was successfully added to your cart.

Sustainability expert backs Preston Trampower plan

Sustainability expert backs Preston Trampower plans for trams in Preston - more at www.remsol.co.uk

A leading sustainability expert from Preston has thrown his weight behind the revised plans to reintroduce trams to the city.

Lee Petts, managing director of multi-disciplinary environmental consultancy, Remsol, says the trams would help to deliver multiple environmental and economic benefits.

“According to a Centre for Cities report in January this year, Preston is one of the worst towns and cities in England for climate changing carbon emissions, producing the equivalent of 6.9 tonnes of CO2 per person.

“Nationally, road transport is one of the worst offenders, responsible for nearly 30% of total UK CO2 emissions.”

Petts points to research that finds two-thirds of all car journeys are under 5 miles in length, with a fifth of journeys being less than a mile long. 85% of commuter car journeys are single occupancy trips.

“By taking unnecessary car journeys off local roads and allowing people to use trams instead, the Preston Trampower scheme could help to alleviate congestion whilst cutting transport CO2 emissions and improving air quality, which is linked to thousands of early deaths in the UK every year.

“Not only that, it would signal that Preston is open for investment in other sustainable transport infrastructure, helping to attract complementary schemes that can create jobs, boost mobility and make Preston a more modern, connected and lower carbon city.”

Nottingham’s tram system demonstrates the economic and regenerative benefits of investing in high quality, sustainable transport systems. Research has shown that its first line, that opened in 2004, has contributed significantly to the image of Nottingham, aiding regeneration in areas adjacent to the line and having a strong impact on nearby residential market prices. Nottingham City Council says that trams there have delivered growth in public transport use and a reduction in congestion and pollution, as well as assisting in maintaining economic competitiveness.

“Preston Trampower’s revised plans are currently out for consultation. I urge the people of Preston to join the conversation and support these plans, and hope that the city’s planning officers will recommend them for approval in due course,” concludes Petts.

Interested parties can view and comment on the planning application here until 10th April 2016.

In related news, February saw Pre Metro Operations announced as the preferred bidder to operate the Preston Trampower scheme, should it go ahead.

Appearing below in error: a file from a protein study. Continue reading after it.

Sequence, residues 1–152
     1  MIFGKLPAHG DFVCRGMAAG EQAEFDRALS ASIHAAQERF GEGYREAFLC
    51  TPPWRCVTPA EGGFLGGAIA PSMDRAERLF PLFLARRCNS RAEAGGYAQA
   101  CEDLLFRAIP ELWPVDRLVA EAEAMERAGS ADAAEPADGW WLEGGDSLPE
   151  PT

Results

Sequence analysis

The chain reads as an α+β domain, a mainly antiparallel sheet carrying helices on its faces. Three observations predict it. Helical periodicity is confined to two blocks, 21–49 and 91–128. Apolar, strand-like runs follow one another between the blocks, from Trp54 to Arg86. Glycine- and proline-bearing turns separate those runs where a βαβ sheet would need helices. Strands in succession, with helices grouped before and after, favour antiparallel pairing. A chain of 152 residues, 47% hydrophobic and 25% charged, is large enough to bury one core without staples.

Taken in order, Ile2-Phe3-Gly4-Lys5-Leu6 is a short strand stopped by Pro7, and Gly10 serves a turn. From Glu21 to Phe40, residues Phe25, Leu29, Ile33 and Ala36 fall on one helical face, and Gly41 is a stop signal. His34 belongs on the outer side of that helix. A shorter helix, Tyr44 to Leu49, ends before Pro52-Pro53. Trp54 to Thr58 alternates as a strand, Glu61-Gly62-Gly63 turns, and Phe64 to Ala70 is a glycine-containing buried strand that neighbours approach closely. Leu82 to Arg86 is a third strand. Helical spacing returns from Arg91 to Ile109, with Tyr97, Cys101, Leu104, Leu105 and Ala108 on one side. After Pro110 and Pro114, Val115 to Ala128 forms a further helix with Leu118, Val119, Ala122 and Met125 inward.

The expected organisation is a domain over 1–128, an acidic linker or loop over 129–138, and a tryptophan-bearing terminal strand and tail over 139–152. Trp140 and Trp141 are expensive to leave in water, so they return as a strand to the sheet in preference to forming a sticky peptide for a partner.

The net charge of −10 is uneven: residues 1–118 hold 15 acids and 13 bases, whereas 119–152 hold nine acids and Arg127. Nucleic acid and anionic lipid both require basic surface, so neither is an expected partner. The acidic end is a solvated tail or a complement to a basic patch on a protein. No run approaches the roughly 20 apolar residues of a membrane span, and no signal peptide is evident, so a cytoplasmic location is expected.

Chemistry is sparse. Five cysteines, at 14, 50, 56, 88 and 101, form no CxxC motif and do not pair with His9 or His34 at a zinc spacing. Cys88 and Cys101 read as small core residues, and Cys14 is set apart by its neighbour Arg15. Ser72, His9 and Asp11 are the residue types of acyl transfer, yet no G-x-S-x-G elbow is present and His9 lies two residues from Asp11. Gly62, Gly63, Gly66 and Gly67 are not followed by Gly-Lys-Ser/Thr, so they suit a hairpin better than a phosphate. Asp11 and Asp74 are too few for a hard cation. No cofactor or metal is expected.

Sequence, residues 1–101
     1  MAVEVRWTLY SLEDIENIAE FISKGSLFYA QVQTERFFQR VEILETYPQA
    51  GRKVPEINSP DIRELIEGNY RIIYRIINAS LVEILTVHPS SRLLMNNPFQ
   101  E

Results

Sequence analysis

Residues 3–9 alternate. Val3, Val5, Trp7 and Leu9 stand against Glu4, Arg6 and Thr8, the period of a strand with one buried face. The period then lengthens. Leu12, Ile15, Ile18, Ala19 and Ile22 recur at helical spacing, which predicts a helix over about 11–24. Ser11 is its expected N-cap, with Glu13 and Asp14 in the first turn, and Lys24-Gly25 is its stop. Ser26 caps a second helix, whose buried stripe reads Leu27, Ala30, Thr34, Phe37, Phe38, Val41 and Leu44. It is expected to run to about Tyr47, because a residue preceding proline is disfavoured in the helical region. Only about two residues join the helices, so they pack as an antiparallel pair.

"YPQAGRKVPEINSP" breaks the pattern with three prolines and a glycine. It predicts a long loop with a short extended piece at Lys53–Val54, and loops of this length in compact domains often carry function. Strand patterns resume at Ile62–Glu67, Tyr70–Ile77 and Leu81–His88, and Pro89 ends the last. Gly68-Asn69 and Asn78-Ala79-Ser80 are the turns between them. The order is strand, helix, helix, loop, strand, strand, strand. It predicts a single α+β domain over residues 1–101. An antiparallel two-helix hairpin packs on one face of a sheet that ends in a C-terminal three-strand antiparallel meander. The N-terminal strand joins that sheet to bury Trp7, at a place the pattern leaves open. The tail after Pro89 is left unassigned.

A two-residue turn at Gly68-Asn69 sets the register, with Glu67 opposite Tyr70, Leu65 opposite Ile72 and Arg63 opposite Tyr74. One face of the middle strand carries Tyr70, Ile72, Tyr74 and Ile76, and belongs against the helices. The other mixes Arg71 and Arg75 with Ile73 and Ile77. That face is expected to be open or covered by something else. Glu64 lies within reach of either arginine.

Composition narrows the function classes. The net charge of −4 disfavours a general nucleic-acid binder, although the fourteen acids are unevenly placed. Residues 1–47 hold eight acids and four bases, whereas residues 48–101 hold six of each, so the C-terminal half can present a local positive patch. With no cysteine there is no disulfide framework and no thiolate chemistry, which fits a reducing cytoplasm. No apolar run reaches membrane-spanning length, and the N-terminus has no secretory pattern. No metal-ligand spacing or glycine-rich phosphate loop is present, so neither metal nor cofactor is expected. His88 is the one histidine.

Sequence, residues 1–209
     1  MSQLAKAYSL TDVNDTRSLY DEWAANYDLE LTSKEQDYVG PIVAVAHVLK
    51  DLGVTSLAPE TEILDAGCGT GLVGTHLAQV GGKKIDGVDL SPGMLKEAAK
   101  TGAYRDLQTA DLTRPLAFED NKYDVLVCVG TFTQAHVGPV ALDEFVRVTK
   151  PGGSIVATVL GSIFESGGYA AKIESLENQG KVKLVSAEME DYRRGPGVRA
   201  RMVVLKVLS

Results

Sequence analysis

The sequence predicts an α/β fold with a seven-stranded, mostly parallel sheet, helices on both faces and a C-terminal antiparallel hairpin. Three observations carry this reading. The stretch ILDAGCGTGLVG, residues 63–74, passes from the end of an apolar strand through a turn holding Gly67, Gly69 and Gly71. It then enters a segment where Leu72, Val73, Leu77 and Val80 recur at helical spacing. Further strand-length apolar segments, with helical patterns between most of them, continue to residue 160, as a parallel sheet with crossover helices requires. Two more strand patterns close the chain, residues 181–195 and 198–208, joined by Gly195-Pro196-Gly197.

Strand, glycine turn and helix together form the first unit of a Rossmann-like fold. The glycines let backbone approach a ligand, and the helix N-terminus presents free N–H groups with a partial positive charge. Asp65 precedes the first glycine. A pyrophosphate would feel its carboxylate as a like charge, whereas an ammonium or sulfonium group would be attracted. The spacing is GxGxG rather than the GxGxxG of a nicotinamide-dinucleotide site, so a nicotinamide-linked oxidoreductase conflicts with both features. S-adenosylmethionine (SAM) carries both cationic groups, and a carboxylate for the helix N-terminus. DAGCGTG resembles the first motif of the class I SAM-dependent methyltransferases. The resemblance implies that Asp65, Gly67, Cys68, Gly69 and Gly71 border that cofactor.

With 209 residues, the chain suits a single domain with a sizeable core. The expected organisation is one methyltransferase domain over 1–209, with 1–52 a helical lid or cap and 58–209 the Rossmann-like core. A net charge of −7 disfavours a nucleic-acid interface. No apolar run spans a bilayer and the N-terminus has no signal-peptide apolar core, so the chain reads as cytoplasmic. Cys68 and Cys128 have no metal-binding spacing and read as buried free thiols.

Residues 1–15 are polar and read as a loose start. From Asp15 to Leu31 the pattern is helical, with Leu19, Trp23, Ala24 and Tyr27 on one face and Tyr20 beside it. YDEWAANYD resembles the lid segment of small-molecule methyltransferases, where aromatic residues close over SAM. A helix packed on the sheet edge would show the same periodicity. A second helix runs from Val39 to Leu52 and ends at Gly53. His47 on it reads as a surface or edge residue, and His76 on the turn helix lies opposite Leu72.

One Comment

  • Lee Petts says:

    For anyone thinking of submitting supportive comments via the online portal, here’s what I said:

    The National Planning Policy Framework (NPPF) (March 2012) sets out a number of core principles for development. One of these core principles is to actively manage patterns of growth to make the fullest possible use of public transport, walking and cycling, and focus significant development in locations which are or can be made sustainable.

    NPPF also states that encouragement should be given to solutions which support reductions in greenhouse gas emissions and reduce congestion. In preparing Local Plans, local planning authorities should therefore support a pattern of development which, where reasonable to do so, facilitates the use of sustainable modes of transport.

    ‘Sustainable transport modes’ are defined as any efficient, safe and accessible means of transport with overall low impact on the environment, including walking and cycling, low and ultra low emission vehicles, car sharing and public transport.

    A passenger tram network for Preston could one day help to deliver significant greenhouse gas and congestion reductions.

    According to a Centre for Cities report in January this year, Preston is one of the worst towns and cities in England for climate changing carbon emissions, producing the equivalent of 6.9 tonnes of CO2 per person.

    Nationally, road transport is one of the worst offenders, responsible for nearly 30% of total UK CO2 emissions. We know from published Government research that two-thirds of all car journeys are under 5 miles in length, with a fifth of journeys being less than a mile long. 85% of commuter car journeys are single occupancy trips.

    By taking unnecessary car journeys off local roads and allowing people to use trams instead, the Preston Trampower scheme could help to alleviate congestion whilst cutting transport CO2 emissions and improving air quality, which is linked to thousands of early deaths in the UK every year.

    Not only that, it would signal that Preston is open for investment in other sustainable transport infrastructure, helping to attract complementary schemes that can create jobs, boost mobility and make Preston a more modern, connected and lower carbon city.

    Whilst the re-opening of the Longridge branch line detailed in the resubmitted planning application will not, on its own, result in substantive improvements in sustainable travel, it would nonetheless represent a meaningful first step toward delivering a sustainable transport system that meets the aims of the NPPF.

    On this basis, I encourage planning officers to recommend the plan for approval.

Leave a Reply